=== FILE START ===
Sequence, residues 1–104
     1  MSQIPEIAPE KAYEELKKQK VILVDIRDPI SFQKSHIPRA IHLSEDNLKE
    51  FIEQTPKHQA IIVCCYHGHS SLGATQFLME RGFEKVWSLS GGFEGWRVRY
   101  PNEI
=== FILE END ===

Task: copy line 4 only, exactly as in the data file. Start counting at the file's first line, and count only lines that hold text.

   101  PNEI